Be prepared to take a step backwards into the world you want to work in. My own experience is that I was quite a senior director in the internet space and some time ago I decided I wanted to do something much more positive. I had key transferable skills – I understood finance and I understood management. I looked around for an organisation that had a gap, where my skills would be useful, and that’s how I came to ClimateCare.
I had to take quite a step back career wise and actually had to move my family across the other side of the world from Australia back to the UK. Whilst it may seem difficult at the time, it only tends to be for a couple of years and it’s worth it if you want to do something you’re very passionate about.
BFP: Finally; what do you hope to get out of being part of the BFP community?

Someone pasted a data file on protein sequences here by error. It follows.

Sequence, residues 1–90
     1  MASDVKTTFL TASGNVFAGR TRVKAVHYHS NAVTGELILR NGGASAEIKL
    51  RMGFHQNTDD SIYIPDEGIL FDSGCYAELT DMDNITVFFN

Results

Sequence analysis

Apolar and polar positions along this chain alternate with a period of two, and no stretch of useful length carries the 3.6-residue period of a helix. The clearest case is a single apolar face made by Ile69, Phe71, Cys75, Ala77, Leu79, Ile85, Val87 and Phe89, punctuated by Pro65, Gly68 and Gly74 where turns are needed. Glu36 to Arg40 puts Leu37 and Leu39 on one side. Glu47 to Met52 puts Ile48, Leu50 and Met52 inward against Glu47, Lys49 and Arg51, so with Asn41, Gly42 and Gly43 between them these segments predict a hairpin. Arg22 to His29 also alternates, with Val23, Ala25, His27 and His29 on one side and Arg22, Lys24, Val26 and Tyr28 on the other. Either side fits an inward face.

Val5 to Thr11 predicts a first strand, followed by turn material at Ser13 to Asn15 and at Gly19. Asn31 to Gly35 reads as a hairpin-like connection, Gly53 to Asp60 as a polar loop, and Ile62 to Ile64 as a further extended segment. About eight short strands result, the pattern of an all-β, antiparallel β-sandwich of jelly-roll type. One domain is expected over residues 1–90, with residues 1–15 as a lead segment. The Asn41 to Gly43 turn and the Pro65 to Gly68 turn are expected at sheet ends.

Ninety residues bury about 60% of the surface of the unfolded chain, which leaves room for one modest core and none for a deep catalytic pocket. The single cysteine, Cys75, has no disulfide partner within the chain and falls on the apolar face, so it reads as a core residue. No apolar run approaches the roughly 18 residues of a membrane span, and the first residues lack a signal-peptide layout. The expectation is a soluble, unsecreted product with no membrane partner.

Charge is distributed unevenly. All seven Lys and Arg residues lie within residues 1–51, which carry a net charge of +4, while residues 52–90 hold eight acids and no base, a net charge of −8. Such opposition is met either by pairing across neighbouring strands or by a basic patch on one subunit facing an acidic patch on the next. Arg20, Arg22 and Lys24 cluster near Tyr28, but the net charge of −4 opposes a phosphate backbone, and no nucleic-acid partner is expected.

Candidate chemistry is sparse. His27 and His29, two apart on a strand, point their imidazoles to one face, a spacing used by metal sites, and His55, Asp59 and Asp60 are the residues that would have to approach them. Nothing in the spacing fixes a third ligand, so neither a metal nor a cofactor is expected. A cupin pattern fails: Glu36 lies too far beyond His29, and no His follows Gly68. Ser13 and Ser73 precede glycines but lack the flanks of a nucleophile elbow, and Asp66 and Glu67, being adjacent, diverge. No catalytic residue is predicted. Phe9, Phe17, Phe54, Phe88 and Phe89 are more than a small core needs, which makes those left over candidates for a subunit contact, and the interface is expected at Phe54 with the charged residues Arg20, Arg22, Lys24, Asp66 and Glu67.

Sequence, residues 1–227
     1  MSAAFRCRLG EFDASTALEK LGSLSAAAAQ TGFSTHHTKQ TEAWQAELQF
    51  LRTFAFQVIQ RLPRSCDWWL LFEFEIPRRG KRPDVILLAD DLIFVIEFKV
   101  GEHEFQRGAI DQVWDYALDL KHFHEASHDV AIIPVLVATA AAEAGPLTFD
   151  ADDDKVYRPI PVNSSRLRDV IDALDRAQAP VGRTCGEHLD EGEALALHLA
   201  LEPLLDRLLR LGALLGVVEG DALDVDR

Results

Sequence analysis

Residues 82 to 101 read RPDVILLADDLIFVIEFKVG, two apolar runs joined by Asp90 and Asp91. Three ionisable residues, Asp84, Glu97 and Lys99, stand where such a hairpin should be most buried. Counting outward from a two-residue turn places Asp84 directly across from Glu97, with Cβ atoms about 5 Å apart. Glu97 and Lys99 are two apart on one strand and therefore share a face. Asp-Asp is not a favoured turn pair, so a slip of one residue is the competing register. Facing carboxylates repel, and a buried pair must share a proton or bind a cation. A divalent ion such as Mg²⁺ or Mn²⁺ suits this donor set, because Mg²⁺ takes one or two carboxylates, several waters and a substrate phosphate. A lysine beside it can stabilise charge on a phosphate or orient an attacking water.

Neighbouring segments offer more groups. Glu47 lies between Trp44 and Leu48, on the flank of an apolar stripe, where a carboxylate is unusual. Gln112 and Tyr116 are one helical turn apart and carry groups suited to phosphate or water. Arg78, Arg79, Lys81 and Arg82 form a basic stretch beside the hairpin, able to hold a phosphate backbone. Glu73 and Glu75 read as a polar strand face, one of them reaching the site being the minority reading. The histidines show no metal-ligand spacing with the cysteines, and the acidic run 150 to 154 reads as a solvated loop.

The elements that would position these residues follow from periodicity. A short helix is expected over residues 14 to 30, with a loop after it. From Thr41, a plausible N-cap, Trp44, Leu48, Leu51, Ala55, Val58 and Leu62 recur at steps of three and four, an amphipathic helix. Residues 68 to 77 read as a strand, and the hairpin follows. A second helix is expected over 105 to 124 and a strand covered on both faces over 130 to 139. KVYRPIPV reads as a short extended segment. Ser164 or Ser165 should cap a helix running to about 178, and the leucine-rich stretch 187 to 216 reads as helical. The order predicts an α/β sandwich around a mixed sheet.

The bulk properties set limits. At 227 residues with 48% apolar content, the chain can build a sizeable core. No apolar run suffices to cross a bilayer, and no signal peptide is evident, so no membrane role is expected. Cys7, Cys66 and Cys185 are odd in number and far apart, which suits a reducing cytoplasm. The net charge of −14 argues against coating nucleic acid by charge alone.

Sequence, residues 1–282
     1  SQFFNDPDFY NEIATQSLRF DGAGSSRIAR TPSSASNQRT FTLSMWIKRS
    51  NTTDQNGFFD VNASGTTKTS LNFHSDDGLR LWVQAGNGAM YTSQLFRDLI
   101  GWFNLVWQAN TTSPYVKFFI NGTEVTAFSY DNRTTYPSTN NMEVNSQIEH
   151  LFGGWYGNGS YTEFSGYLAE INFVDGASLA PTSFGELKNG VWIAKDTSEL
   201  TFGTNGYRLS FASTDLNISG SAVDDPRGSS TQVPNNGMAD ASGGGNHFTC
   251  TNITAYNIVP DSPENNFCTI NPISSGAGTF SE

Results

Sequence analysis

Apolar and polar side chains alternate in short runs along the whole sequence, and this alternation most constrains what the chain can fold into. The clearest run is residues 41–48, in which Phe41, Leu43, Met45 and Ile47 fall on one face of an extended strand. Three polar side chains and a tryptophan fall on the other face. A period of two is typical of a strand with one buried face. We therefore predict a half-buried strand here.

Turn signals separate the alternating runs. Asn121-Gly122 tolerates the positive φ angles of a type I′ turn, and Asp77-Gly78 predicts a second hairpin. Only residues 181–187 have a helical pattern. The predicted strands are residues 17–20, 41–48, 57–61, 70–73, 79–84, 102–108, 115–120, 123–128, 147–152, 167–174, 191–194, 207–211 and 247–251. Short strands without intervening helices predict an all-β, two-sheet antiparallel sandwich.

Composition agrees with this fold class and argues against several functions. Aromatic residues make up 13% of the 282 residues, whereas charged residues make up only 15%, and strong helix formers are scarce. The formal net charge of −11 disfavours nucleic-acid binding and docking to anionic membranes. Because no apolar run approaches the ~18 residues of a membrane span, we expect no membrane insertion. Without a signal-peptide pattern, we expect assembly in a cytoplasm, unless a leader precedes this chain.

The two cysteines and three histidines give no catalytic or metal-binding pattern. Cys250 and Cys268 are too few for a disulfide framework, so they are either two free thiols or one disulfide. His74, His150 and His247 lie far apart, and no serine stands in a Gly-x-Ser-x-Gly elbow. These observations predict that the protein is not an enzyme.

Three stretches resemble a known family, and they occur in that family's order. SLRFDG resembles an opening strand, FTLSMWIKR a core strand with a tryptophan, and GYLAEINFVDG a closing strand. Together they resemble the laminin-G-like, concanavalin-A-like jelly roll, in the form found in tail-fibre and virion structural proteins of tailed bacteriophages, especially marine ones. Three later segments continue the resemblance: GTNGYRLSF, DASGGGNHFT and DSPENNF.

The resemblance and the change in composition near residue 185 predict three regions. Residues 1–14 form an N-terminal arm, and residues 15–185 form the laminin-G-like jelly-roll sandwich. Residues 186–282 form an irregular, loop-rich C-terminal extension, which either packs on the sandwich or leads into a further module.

EH: We see things on Business Fights Poverty at least once a week that are emailed around to everybody in our organisation. There are two reasons for that; the first, that we see an opportunity and the second, inspiration – it’s a good reminder that others are out there doing fantastic things.
We see a lot of innovation on Business Fights Poverty – we see a lot of very passionate, focused people doing positive things, even at times like these, with the economic crisis, when it is hard to get resource and finance applied to these types of projects. I think Business Fights Poverty is great; it gives us inspiration- both practical inspiration, that we can apply, and also general feel good inspiration.
Thank you to Edward Hanrahan for taking the time to do this interview.
Read previous Member of the Week interviews here.